I Love the World Cup...

I love soccer.

Basketball is pretty cool. It is full of back-and-forth action with lots of points always being scored. I can appreciate the ferocious power of a well-orchestrated lob dunk. Like many watching the NBA Finals (including the Miami Heat, apparently) I was mesmerized by the flowing offense of the San Antonio Spurs. The motion of Tony Parker, so low to the ground and unpredictable, made me a bit dizzy to be sure. I'm glad I didn't have to guard him on the court.*

*I played basketball in high school. And by played, I mean that I rocked the JV scene for multiple years and clapped my hands off for the varsity group. One time when I did actually get to play, I just happened to get to guard Marcus Walker. It didn't go well. I'm not - how do I say this...ah yes - tall. Marcus scored 40 points that night. 

Baseball is OK. As a loyal Kansas Citian, I try hard to follow the Royals. I could be the umpteenth person to write about how the Royals have never gone to the playoffs since 1985 or how we have made horrific trade after horrific trade or how "I've Got Friends In Low Places" was sung at each and every home game for years. As I write this, the Royals have actually won 8 in a row and can take over first place tonight. I'm sure it will all go up in flames soon...

Football sucks. Players die with such regularity that news stories like this Cal player barely register anymore. Coaches are for some reason allowed to act in ways that defy civility and it's OK because everyone on the football field is apparently so damn tough. 

Deep breath.

I can find beauty and wonder in (nearly) every sport. Watching Rafael Nadal on clay is something I'll tell my kids about. Seeing Tiger Woods do things with a club that seem to defy physics was a joy of my childhood. I've always had a fascination with ice curling at the Winter Olympics! 

You see, I like to watch people who are chasing great accomplishments. I want to see Tiger pass Jack Nicholas so that I can say I watched the greatest golfer ever. I want to see Rafael Nadal and Roger Federer meet at every single major. I want 1-seeds to make it to the Final Four so I can see the best teams match up. 

Which brings me to the World Cup. Some of you may not know that the World Cup is actually just the final stage of a two-year tournament featuring every soccer-playing nation in the world from Brazil to Guam. The really unique thing about the World Cup (and the Olympics somewhat) is that the superstars of soccer still don’t get to choose their country of origin. Lionel Messi and Christiano Ronaldo are widely recognized as the two best players in the world and they play for Argentina and Portugal respectively. Argentina is one of the most storied soccer nations and they’ve only one the World Cup twice! Portugal has never won the World Cup. They can't just choose to play for Brazil or Germany.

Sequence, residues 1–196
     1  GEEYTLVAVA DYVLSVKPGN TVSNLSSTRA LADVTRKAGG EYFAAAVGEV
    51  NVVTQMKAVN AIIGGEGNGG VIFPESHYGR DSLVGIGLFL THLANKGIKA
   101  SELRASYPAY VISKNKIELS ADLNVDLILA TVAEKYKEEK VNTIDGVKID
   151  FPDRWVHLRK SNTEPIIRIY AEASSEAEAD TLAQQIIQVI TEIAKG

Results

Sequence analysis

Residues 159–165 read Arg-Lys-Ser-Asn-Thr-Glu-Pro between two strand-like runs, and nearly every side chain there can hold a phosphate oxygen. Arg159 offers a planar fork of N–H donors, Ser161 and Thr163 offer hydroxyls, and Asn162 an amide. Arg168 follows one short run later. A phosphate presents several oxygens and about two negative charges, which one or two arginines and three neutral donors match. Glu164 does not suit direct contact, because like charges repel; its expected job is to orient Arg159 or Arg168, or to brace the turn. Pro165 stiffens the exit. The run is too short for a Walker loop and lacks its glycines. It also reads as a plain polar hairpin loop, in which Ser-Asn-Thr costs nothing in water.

The World Cup is an international affair, and this is what I love most about soccer. I speak relatively fluent Spanish. With all due credit to my Spanish teachers throughout my years, I went from someone who could pass a quiz in class to a fluent speaker on the soccer field. Hours of playing latinos on hockey courts in a local park honed my lessons into actual speech. I play in an adult men’s league currently with guys from Romania, Venezuela, Mexico, Colombia and a few born-and-raised Americans.* I root hard for Greece to do well and I’d root for Scotland if they weren’t generally terrible at soccer.

*Although each of these guys talks about the US team using words like “we” and “us”.  They’re as American as it gets. I think we could all take a lesson from this.

I try and teach my students about the world from this perspective. The World Cup is special because we are all soccer players and soccer fans. Much in the same vein, I want to teach my students that we are all part of the same global community. Just as Americans and Brazilians play different brands of soccer, so too do our different cultures provide different things to the world.


One of my favorite parts of the fantastic coverage that ESPN puts on for the World Cup are the shots of the fans in the crowd. They show such incredible passion and excitement. I love going to watch parties like the 10,000-strong one at Power and Light for the USA v. Ghana opener. 

And I love these two guys:

GIFs of US and Ghanaian fans from Monday nights game

But I especially love watching the national anthems:

Keep watching at 1:12 when the music stops

I’m currently watching the Mexico v. Brazil match. In the last 10 minutes of a tightly contested 0-0 tie, Thiago Silva of Brazil dove in for a crunching tackle on Chicharito of Mexico, earning him a yellow card. As both players were walking away, Silva walked towards Chicharito and tilted his head slightly to the side acknowledging the tackle. Chicharito nodded his head in return and put his hand out, which was met my Silva’s hand in return. They exchanged a few words, Silva patted Chicarito’s head and they returned to the battle.

The passion and respect are lessons that I want to pass on in my class.

Find something worth believing in.

Make a plan and prepare yourself.

Fight for what you want every single moment of every single day.

To see my students believe in something and fight for something they way that they players and the fans fight and believe during the World Cup would be the highlight of my career. The thought of that moment somewhere in the future is what motivates me to look for the next great technology, the next inspiring strategy and the next life-changing project.

What drives you?


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